Re: [asa] Occult crankery and the vitality of our email list

From: Vernon Jenkins <>
Date: Mon Dec 15 2008 - 15:41:10 EST


The last time I came across the word 'troll' was in connection with my reading the famous Norwegian fairy tale "The Three Billy Goats Gruff" ( to my granddaughter; but that was many years ago. On this occasion, it would seem appropriate that we play out the story together.

Of course, it is possible that you use the term 'troll', more benignly, to refer to a serious-minded supernaturalist and Bible believer who, clearly, has old-fashioned expectations of what it means to be a scientist. If that is the case then I gladly accept your nomination!


----- Original Message -----
From: "George Murphy" <>
To: <>
Sent: Saturday, December 13, 2008 11:24 AM
Subject: Re: [asa] Occult crankery and the vitality of our email list

>I agree but there's a weak point in this plan. It requires all the
> relatively sensible people on the list to ignore the troll. Unfortunately
> not all list participants recognize the damage that the loony stuff does &
> sometimes new participants come on who aren't aware of the history. & as
> long as a troll can get an occasional trollee, he/she will keep at it.
> Shalom
> George
> ----- Original Message -----
> From: "David Opderbeck" <>
> To: "Stephen Matheson" <>
> Cc: <>
> Sent: Friday, December 12, 2008 11:06 PM
> Subject: Re: [asa] Occult crankery and the vitality of our email list
>> The best way to handle a troll is to ignore it. They get stronger
>> with attention. This truth, BTW, is revealed in the fifth Harry
>> Potter movie.
>> David W. Opderbeck
>> Associate Professor of Law
>> Seton Hall University Law School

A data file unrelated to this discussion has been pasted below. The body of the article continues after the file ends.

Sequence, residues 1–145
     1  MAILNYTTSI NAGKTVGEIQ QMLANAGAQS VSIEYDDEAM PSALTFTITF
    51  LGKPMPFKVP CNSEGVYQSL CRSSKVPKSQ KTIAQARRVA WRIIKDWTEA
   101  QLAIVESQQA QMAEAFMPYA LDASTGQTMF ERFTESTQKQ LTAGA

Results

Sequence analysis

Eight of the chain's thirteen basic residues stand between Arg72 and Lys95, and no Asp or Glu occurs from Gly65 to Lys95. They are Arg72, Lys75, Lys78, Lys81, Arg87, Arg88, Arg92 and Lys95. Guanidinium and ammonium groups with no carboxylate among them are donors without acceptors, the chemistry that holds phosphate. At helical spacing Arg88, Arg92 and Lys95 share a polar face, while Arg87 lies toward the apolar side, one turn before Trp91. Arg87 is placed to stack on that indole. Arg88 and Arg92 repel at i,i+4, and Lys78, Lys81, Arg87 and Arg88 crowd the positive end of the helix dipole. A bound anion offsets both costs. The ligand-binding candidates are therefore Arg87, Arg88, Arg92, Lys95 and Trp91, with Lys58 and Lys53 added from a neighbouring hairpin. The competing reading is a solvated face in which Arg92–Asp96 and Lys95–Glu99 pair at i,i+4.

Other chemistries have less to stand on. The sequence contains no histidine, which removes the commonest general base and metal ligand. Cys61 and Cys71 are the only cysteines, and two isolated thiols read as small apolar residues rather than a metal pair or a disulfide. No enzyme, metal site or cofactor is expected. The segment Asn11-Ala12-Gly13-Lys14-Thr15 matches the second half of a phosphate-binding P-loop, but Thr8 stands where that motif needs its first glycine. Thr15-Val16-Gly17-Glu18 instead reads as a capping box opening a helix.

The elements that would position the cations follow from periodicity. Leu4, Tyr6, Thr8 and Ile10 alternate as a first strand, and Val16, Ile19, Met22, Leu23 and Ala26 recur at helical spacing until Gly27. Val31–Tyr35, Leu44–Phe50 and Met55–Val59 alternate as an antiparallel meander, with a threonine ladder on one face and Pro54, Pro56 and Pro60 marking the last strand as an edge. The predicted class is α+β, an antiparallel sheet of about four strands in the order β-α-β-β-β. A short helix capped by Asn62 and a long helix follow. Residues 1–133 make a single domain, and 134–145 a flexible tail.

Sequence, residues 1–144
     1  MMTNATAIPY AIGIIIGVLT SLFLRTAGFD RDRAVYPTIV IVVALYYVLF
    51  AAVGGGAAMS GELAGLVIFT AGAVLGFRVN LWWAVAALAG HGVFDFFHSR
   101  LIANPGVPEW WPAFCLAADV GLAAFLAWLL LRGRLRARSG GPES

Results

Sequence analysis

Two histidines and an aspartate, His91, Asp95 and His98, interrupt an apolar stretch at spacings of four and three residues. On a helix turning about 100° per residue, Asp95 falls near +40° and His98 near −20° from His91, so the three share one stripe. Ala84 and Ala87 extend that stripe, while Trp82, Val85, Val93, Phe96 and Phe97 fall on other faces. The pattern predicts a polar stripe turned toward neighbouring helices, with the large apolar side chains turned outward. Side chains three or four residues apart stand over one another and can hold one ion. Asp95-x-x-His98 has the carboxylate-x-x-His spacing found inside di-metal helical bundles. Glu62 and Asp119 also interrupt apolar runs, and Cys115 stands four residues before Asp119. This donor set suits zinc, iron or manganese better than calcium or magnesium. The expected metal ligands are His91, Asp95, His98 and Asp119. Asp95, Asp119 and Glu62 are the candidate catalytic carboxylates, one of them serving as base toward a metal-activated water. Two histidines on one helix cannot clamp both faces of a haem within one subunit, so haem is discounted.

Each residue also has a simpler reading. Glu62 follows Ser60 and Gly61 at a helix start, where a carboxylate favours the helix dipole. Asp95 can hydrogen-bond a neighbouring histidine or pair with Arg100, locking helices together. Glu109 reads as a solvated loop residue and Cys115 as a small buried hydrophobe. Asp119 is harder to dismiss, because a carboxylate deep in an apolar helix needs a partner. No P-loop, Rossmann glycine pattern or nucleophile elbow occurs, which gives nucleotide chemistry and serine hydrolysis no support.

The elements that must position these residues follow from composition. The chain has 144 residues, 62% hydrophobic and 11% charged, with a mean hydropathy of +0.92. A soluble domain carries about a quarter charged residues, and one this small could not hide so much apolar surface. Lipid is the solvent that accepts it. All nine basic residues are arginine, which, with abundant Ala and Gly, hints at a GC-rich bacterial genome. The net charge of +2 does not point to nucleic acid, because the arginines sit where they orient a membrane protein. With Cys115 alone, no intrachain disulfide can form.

>> Gibbons Institute of Law, Science & Technology
>> On Fri, Dec 12, 2008 at 10:36 PM, Stephen Matheson <>
>> wrote:
>>> Well, it seems to me that this is an opportunity to discuss the
>>> guidelines
>>> we do and don't have for behavior on the email list.
>>> Right now, a person can be removed from the list (for a time, at least)
>>> for
>>> various kinds of obnoxious behavior. A committee of three excellent
>>> people
>>> is responsible for making such a decision, and I think that every
>>> expulsion
>>> is announced along with a brief rationale.
>>> Now as far as I know, the infractions that can get a person removed all
>>> involve rudeness or aggression or other inappropriate behavior that is
>>> deemed counterproductive to discussion and dialogue -- but the
>>> advancement
>>> of the occult or the advocacy of various forms of divination are
>>> apparently
>>> tolerated. So we've had, over the years, George Hammond's ravings and
>>> Vernon Jenkins' occult numerology. Now we have Mr. McCray advancing the
>>> "ideas" of a sci-fi cult that has concocted fantastical tales with
>>> plainly
>>> racist (and sexist) overtones, built on mid-20th-century crackpot
>>> pseudoscience.
>>> I wonder: what should we do? I'm personally undecided: on principle, I'm
>>> opposed to banning anyone for anything other than malicious disruption of
>>> our discourse. Ideally, we would discourage such crankery by creating an
>>> unfruitful environment for its propagation; specifically, we would ignore
>>> Vernon and his ilk, and only limit participation if it came to resemble
>>> spamming. But that's not how things tend to go, and I think we might be
>>> underestimating the damage that engagement with nonsense can do to the
>>> quality and level of participation of our list. In othe words, visitors
>>> who
>>> see a post by Mr. McCray could reasonably conclude that our forum is just
>>> another mosh-pit of vague supernaturalism. Ongoing interaction with
>>> bizarre
>>> cultic lunacy is surely as unhealthy as regular spasms of name-calling or
>>> crass insults.
>>> And yet the banning of unusual ideas, or even the impression of such, is
>>> not
>>> a good thing either.
>>> Can we talk?
>>> Steve Matheson

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Received on Mon Dec 15 15:42:00 2008

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